Country life isn’t that far from the glitz everyone claims to miss, but its richness for family life cannnot be denied. In addition, many patients are waiting!

  18. Andy was one of the most awesome students I have precepted. He fit right in here and I loved meeting his family. He really should consider Family Med vs Surgery!!!

  19. So glad you enjoyed your rotation experience in Heppner! I like to say “we have re-invented rural”, our small CAH is considered “Frontier”. It is always great to have students come through.

  20. Kelsey-Jo…..welcome to the club! :) Your writing was an engaging and honest response to one of the big healthcare system issues of our time. If we, as nurses, can find out courage – and take a deep breath – we can be a part of those who are seeking positive change. Florence would be proud of us.

  21. Thanks for sharing your inspiring perspective Kelsey-Jo. I really appreciate your reference to the importance of the professional nurse role in leading change!

  22. It appears the residency interview dance hasn’t changed too much in the last 15 years since I found out where I matched. Nice thoughtful post. Congrats on where ever you go for your match!

    And it is true that the mark of a great post is that Grandma leaves a comment.

  23. I’d like to second Grandma Steinhart’s assessment–excellent piece, this blog entry in particular really captures the process.

  24. What a great post, Karli. I’m glad you enjoyed my home town (and more importantly my home town pizza) as much as I do!
    -Emily MS1

  25. When you put a couple of blogs together you will have a great book. I loved this one. Love Grandma

  26. Kelsey-Jo, I am overwhelmed by your response to our presentation. We are passionate about our mission to bring universal, publicly funded healthcare to Oregon, and we are counting on young people like yourself to bring our campaign to your colleagues, your patients, and your friends and family. Your response and your commitment to be an advocate and a warrior for the voiceless tells us that we must be doing something right. Thank you so much!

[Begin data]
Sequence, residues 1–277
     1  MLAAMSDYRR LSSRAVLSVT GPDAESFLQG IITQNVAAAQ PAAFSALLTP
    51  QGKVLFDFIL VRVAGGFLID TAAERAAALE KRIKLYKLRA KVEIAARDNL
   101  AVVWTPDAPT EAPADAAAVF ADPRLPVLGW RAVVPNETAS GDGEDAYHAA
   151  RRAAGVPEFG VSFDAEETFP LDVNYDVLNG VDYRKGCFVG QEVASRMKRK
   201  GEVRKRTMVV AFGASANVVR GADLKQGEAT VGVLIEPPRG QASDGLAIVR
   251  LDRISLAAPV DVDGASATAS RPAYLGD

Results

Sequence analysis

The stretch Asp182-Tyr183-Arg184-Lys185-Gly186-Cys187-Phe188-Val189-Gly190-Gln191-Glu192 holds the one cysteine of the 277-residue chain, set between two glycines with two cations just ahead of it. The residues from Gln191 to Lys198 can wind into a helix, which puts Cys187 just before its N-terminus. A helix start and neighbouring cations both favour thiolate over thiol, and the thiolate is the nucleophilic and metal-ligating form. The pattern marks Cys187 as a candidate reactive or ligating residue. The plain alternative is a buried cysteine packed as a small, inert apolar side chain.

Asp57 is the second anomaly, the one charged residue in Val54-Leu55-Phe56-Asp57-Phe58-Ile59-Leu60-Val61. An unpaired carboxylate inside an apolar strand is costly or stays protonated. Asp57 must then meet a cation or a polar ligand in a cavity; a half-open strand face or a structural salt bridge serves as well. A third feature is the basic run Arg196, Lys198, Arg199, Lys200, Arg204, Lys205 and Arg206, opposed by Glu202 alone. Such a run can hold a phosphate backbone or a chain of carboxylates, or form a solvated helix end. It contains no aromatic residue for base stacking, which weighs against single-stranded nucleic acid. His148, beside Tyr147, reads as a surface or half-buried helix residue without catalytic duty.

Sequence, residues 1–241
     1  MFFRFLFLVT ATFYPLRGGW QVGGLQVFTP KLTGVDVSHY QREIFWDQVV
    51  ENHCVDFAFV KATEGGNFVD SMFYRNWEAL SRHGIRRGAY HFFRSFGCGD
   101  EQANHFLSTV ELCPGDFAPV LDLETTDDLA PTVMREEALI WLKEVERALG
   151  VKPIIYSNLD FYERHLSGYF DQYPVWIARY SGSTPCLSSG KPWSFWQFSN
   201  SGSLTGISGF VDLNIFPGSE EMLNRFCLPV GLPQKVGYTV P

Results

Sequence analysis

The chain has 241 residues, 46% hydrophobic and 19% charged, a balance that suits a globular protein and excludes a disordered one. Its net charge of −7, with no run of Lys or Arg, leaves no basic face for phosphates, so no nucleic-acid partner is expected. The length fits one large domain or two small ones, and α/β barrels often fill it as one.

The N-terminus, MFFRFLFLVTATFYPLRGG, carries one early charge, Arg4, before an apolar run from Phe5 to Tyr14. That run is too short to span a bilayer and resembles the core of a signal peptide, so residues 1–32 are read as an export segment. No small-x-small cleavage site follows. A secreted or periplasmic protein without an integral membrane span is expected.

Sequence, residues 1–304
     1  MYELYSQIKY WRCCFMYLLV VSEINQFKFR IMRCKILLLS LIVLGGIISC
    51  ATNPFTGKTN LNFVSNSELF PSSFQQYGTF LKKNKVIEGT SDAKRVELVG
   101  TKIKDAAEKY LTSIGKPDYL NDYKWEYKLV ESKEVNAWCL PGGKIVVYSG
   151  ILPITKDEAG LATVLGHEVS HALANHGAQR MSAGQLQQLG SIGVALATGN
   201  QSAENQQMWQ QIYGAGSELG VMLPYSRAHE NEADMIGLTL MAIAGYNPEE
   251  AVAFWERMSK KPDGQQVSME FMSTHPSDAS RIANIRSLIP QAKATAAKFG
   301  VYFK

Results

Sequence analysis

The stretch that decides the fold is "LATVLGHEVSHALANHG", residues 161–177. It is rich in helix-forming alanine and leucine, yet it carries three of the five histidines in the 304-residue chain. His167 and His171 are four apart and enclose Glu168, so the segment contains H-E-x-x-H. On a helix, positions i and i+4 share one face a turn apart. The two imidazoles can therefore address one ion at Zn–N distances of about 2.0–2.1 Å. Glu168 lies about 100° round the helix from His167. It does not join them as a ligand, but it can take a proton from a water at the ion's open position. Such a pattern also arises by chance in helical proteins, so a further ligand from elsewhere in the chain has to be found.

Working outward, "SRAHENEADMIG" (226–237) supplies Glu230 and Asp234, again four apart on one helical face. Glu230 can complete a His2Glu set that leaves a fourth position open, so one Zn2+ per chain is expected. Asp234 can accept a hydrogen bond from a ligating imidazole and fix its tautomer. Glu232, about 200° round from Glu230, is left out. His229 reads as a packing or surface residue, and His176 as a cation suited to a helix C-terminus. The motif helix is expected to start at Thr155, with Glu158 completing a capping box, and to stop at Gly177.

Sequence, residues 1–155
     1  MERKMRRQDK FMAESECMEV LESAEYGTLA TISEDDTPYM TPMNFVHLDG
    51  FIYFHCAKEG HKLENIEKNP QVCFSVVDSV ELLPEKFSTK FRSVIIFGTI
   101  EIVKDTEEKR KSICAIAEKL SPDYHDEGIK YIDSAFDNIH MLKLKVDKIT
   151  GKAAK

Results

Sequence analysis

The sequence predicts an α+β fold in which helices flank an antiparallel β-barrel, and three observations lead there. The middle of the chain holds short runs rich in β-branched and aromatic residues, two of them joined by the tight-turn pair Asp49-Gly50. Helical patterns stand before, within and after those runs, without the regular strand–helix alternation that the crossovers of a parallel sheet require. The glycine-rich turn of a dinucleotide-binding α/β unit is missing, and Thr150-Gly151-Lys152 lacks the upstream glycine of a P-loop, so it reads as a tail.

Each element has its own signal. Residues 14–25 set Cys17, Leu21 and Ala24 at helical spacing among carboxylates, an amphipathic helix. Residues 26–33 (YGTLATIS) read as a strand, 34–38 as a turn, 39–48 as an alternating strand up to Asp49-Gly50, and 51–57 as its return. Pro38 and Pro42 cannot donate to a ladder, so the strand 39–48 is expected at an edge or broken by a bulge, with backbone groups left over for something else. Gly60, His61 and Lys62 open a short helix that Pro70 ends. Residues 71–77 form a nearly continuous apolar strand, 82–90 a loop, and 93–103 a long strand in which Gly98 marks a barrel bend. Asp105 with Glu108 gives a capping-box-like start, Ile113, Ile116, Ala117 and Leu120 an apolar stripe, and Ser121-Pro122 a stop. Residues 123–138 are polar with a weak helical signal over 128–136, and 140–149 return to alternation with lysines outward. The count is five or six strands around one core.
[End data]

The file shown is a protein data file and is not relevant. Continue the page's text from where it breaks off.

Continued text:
27. Thank you, K-Jo. This was a beautiful read. I forwarded this to Nurses for Single Payer. I hope they get to be at the OSNA convention next year as well.

  28. Raj & MESAA, it was truly my pleasure to witness the unfolding of the flash mob from your very first questions about practicality to witnessing your performance take over the atrium. Watching the video today again brought new life and energy into the CLSB – this time my office on the 5th floor.

    I share your frustration about the occasional administrative challenges of working in such a large institution and hope that having gone through this you could provide me with ways the UME Office of Student Affairs might be able to help. I continue to be impressed by not only your performance but the behind the scenes work you did to stage this event in a shared public space of a brand new building. This event was groundbreaking in many ways and you all brought wellness and diversity front and center to the entire CLSB community – Thank You! You are right to call out that you are the pioneers of the CLSB and I hope that we can work together to cultivate this collaborative space into a place where all students feel safe to embrace differences and celebrate similarities.

  29. This is a hopeful insight to the health field and the future that has a potential to be very bright for all. Great to read about health professionals who are passionate about people.

  30. Good one – well put, all around!

  31. Karli: thanks for this great post! I grew up in a small town about the size of Heppner; the pizza takeout scenario sounds familiar and made me laugh.

  32. Despite the brief miscommunication between my daughter and son-in-law (thank goodness she found you roadside, Andy), sounds like a wonderful vacation to me (at least for my girls)!

  33. Hi Christopher!

    Excited to see your posts, as I just started my first year of PA school. Good info and tips. Hope all is well with you currently going into 2nd year!

    – Luke

  34. Hi Marisa!
    I’m interested in the PA Program and I was looking into the University of Portland to start my undergrad. Does UP have a good program to prepare me to get into a PA program? What was your experience like? Thank you!